Data transparency has been a priority for the UK central government for about two years now. But most government data is actually collected at the local level. Should transparency be a priority for local government officials? Or is it just a central government priority that local offices only address as and when they must?

Microsoft UK’s Carlos Gomes makes the case that local governments have a great deal to gain by sharing data freely with the public. Already in the UK, we’ve seen that when cities make data available, it gets put to work by citizens and developers – and local data can even make a difference at a national level, as in the case of early warning for flood alerts.

One of the key questions government offices must ask themselves is whether to provide raw data to citizens as soon as it is available – or to provide some form of summarized data. Gomes recommends that local governments look to provide both. When cities share raw data, the way Manchester made its transportation data available, they’re allowing the media, citizens and developers to put that data to work, developing apps based on the data and spotting areas where services can be improved. Of course the city can do this themselves or hire a firm to help, but when citizen’s get involved in their own solutions, it can be a significant cost-saver for the city.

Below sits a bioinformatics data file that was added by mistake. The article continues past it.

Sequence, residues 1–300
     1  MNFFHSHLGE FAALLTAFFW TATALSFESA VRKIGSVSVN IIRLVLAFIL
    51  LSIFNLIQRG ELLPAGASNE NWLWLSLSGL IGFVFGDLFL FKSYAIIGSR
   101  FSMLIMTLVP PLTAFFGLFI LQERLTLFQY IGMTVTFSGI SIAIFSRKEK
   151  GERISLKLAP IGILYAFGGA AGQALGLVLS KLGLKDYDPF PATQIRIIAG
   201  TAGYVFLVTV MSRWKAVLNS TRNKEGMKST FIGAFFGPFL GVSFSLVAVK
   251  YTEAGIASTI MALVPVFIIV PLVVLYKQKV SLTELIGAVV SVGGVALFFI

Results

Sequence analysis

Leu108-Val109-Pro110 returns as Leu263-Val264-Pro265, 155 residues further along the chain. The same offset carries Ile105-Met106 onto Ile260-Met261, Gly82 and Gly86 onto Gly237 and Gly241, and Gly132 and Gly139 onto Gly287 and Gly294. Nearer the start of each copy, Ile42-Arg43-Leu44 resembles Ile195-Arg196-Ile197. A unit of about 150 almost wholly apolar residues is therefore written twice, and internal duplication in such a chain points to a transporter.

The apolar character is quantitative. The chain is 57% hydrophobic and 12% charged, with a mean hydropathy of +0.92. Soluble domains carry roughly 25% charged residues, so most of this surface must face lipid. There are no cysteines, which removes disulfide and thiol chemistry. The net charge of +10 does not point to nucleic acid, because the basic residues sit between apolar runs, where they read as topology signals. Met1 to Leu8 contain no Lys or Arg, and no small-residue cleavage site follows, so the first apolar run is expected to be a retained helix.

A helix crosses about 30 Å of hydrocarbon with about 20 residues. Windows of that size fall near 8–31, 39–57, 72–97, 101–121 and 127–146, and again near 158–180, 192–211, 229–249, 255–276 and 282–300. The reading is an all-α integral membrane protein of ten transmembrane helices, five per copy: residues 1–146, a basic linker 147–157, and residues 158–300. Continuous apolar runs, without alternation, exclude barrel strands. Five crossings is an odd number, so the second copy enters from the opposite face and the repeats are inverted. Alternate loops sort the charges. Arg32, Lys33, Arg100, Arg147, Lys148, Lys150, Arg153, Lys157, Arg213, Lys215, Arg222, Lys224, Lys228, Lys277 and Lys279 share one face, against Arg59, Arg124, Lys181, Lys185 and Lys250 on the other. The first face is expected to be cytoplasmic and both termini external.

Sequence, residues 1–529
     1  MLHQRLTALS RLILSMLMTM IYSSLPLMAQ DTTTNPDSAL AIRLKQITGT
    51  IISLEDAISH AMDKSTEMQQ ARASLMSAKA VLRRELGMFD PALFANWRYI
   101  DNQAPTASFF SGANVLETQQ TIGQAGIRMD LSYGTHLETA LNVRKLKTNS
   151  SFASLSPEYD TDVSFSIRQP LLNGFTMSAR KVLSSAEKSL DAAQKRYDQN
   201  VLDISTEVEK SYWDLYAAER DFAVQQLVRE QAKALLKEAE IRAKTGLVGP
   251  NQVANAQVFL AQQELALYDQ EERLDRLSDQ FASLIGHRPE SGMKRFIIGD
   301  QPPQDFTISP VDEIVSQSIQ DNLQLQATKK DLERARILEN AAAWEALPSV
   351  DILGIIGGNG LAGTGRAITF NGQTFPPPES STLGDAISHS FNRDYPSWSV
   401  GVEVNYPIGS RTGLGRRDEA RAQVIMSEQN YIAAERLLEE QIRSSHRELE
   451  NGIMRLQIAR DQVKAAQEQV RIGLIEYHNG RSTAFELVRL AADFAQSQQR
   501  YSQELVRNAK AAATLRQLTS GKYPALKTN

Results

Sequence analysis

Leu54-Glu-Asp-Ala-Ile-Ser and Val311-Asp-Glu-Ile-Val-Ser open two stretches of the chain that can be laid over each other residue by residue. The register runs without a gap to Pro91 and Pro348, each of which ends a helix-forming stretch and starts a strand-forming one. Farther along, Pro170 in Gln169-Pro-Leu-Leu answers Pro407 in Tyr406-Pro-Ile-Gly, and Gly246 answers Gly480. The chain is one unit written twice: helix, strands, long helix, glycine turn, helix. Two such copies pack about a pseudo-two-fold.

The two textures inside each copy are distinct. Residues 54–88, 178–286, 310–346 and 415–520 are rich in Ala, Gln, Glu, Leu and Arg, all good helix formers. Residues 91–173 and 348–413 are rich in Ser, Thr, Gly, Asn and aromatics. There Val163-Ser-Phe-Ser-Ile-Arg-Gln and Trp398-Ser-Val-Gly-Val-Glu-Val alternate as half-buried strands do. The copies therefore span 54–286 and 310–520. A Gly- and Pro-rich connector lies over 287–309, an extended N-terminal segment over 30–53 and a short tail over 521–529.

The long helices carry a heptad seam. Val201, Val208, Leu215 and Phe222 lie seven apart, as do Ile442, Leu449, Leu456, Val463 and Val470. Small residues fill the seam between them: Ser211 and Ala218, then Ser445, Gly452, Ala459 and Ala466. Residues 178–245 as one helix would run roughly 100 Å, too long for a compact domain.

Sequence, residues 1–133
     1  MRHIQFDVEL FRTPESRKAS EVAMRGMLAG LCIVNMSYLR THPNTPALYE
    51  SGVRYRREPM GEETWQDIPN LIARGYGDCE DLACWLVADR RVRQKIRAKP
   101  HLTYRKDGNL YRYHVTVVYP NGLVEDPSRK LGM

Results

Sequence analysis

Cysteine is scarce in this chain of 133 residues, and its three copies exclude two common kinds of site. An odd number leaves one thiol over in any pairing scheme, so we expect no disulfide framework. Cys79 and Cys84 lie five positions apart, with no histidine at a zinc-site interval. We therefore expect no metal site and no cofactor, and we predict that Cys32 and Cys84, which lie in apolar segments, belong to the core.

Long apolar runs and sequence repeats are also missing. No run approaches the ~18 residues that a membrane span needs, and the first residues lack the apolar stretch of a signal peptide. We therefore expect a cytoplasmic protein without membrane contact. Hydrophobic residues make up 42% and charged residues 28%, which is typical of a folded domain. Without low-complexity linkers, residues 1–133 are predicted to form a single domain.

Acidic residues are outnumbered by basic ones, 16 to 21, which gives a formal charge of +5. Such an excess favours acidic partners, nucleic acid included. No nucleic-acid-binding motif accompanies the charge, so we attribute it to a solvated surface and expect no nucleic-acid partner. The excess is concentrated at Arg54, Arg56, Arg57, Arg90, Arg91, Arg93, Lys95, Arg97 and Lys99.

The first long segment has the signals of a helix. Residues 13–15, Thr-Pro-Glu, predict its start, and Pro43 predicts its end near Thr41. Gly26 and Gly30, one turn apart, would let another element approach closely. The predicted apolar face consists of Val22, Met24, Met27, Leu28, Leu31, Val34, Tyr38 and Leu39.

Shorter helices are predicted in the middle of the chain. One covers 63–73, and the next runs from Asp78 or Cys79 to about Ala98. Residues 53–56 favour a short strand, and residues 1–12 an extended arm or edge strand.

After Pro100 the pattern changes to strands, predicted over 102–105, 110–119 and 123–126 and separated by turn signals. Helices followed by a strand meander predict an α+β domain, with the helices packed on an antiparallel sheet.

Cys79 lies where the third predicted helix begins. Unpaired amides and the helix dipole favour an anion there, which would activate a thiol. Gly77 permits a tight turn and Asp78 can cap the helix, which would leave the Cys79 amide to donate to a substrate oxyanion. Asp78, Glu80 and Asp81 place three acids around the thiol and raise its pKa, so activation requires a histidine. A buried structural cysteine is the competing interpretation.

But summarized data has its advantages as well, Gomes notes. When a city shares its story with citizens, it can improve citizen confidence and increase citizen use of important social services they might not have known about otherwise.

The challenge cities face in this area isn’t a technological problem, but a cultural one. Cities must whole-heartedly embrace transparency to see its benefits. Gomes notes that transparency efforts are most effective when they’re led from the top down. Local government leaders have the ability to set the tone and encourage openness throughout their organisation, changing the way the city engages its citizens and opening the door to new, transformative solutions.

Want to learn more about the future of cities? Check out Microsoft City Next.